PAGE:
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Trump, Tariffs and Trouble Ahead? The Risks for Trade and the Global Economy

March 22, 2018

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Trump, tariffs and trouble ahead? The risks for trade and the global economy.

John Redwood – Chief Global Strategist, Charles Stanley

      In 2016 the US ran a deficit of $505bn on trade in goods and services, according to the World Bank. Germany ran a mighty surplus of $277bn on her trade, whilst China sold $250bn more goods and services than she bought from the rest of the world.

      Some economists see this as good news for the USA, for it means that the rest of the world is willing to lend substantial sums to the US to invest or to spend. When a country runs a large deficit on its trade account it is usually matched by capital inflows with overseas individuals and companies either lending money or investing in assets in the country running the deficit. A country running a deficit can enjoy consuming more than it can afford, with the payments made from the capital account using overseas money.

      Mr Trump does not see it in such a favourable light. He takes the view that the main surplus countries must have cheated on their trade in order to sell so much more than they buy from the USA. He sees running a trade deficit as a weakness. After all, he argues, the result is foreigners buying up US assets, or US companies and individuals getting deeper into debt to foreigners. Either way it makes the US more dependent on the goodwill of people from abroad. Trying to “make America great again” means rebuilding US industrial strength and relying less on imported goods and services. It means cutting the build-up of foreign ownership of assets and debt claims on the USA.  As foreign interests often find US technology and resources attractive, the balance of trade deficit leads directly to more foreign control of what Mr Trump sees as these strategic assets of the USA.

     The economists who are relaxed about large trade deficits have been right to be relaxed about the USA, as foreign interests have been happy to invest or lend on generous terms. They also do have to acknowledge that for some countries these deficits can get out of control and lead directly to recession, devaluation and falling living standards. Some Latin American countries that have run large trade and payments deficits have had to raise interest rates and cut imports. They have to cut people’s real incomes when foreign money dries up by forcing up the costs of borrowing and cutting real wages, to reduce the demand for imports. If overseas investors lose confidence in a country running a large trade deficit, then it becomes impossible to finance the deficit at sensible rates of interest. If a country allows too large a build-up of foreign debt to pay the bills it can become too expensive to service. This usually leads to a devaluation of the domestic currency, with any overseas lender losing out if they have a claim in local currency. If too many have a claim in a hard currency then the austerity policies of the borrower have to be more severe as more money is diverted to meeting the demands of foreign creditors as the domestic currency falls in value.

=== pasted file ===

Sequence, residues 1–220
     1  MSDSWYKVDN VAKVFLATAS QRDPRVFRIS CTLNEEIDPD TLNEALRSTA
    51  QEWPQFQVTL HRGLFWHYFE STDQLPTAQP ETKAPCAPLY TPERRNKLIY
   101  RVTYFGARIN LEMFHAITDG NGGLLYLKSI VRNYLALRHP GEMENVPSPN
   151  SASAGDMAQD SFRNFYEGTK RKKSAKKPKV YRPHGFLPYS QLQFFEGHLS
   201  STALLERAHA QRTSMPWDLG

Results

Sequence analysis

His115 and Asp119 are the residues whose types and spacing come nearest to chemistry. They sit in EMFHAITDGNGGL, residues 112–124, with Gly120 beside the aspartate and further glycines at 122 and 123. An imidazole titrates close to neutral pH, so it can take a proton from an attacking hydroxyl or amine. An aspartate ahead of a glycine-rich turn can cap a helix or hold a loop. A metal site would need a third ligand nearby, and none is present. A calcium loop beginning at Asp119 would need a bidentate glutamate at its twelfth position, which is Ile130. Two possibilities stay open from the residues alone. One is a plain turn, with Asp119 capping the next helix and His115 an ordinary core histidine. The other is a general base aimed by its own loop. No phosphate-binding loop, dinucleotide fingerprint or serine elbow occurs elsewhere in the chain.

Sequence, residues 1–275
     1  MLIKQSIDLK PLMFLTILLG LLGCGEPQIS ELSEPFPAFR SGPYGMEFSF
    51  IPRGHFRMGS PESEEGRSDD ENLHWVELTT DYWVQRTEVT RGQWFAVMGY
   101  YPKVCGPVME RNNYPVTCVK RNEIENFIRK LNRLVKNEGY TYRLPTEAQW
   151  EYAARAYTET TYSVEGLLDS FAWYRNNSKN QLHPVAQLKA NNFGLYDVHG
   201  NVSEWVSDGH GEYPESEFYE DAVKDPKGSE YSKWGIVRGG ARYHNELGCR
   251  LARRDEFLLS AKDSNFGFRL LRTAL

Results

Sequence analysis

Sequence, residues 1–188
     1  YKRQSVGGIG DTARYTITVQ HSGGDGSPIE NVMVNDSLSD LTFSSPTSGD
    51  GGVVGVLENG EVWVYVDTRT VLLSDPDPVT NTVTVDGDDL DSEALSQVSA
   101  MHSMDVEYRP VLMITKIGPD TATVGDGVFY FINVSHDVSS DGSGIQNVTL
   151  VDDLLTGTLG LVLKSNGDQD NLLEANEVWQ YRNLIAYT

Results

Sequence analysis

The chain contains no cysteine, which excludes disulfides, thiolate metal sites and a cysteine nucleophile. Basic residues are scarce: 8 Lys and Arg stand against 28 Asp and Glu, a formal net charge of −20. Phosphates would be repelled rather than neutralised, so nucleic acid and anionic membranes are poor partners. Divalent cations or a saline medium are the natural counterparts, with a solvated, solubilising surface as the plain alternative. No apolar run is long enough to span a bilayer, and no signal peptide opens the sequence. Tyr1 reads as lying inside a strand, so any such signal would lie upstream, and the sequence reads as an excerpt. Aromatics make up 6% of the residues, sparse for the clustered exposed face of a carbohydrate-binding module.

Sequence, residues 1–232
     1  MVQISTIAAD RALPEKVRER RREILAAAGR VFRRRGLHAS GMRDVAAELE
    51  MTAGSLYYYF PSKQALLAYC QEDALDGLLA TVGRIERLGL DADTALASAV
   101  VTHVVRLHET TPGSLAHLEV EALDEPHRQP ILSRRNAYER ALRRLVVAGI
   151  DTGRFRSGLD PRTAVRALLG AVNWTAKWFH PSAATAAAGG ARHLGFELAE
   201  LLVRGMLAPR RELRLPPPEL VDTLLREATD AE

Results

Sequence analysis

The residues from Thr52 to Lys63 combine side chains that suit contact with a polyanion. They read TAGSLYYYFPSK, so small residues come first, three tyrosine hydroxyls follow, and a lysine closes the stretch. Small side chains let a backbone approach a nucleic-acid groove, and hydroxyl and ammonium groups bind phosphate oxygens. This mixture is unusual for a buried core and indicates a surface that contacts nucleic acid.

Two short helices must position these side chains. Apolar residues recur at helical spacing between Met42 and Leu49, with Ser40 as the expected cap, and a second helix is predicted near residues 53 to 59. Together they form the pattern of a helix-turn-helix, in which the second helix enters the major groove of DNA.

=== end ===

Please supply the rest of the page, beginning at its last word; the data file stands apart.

Mr Trump believes that if you are running a large deficit it should be easy to “win” a trade war. By that he means Germany and China as large exporters to the USA have more to lose from tariffs and other barriers than the USA has going the other way. He seems to hope that imposing a few selected tariffs on critical industries like steel and aluminium will force a response from the other side that is more accommodating of US access to their markets. He is also threatening a possible 10% levy on EU/German cars as this is their prime export to the USA. The problem with this argument is the EU and China may decide to engage in a trade war, and instead of offering concessions place extra tariffs and barriers in the way of US trade. In such circumstances both sides can end up poorer, and both may escalate the war for fear of loss of face globally.

      The EU is busily considering what to do about the successful US technology companies that have come to dominate some markets on the European side of the Atlantic. They favour imposing a new revenue tax on these companies as they do not think they pay enough corporation tax in Europe. They may also now look at further regulation of these companies in the wake of issues about use of data held by social media groups. Reputation is important to social media companies. The US ones have just got some new EU enemies seeking to damage their image with users. This too represents an escalation of trade war rhetoric. Mr Trump will be particularly angry about this development, as some of the allegations relate to his use of social media during a bitterly contested Presidential election.

      Meanwhile the President is pondering what if any action to take following receipt of a file of allegations about China’s acquisition and use of US intellectual property. He is probing the prices charged by some Chinese enterprises where he suspects illegal subsidy or dumping.  He is also concerned about Germany’s use of what he sees as an undervalued currency and the imposition of a 10% car tariff on imports into the EU. This set of rows is going to get worse before it gets better and is bearish for markets.